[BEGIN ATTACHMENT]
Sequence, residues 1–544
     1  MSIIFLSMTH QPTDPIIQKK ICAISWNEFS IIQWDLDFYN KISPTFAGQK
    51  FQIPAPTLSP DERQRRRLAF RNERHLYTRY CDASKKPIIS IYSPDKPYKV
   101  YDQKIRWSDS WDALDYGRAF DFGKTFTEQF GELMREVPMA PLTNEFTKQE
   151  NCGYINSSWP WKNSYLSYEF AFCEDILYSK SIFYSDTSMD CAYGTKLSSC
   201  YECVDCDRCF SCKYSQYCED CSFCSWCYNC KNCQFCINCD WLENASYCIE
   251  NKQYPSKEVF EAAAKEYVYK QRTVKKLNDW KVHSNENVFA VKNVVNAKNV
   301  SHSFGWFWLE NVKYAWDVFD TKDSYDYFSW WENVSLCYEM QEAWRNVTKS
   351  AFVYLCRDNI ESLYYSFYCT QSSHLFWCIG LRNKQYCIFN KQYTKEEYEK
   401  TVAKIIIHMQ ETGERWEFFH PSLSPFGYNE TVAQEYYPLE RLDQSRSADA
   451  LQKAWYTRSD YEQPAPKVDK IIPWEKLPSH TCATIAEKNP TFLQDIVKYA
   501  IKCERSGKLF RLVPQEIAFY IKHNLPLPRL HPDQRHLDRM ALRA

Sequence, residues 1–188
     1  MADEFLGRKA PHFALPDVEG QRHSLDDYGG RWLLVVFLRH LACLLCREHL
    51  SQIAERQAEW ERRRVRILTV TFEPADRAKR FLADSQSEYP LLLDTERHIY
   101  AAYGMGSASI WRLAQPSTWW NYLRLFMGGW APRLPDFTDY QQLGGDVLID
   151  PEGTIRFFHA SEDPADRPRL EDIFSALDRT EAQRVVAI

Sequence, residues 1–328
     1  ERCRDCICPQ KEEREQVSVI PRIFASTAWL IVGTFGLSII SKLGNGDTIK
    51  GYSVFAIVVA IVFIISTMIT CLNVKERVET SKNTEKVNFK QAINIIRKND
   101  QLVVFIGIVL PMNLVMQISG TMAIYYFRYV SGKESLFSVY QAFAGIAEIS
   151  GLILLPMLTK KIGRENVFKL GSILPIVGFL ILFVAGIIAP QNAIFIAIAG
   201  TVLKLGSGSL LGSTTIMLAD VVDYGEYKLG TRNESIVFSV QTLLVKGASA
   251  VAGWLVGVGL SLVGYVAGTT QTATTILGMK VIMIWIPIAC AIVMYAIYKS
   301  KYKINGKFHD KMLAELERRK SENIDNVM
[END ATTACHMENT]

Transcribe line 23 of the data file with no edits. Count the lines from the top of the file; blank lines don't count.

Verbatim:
   201  TVLKLGSGSL LGSTTIMLAD VVDYGEYKLG TRNESIVFSV QTLLVKGASA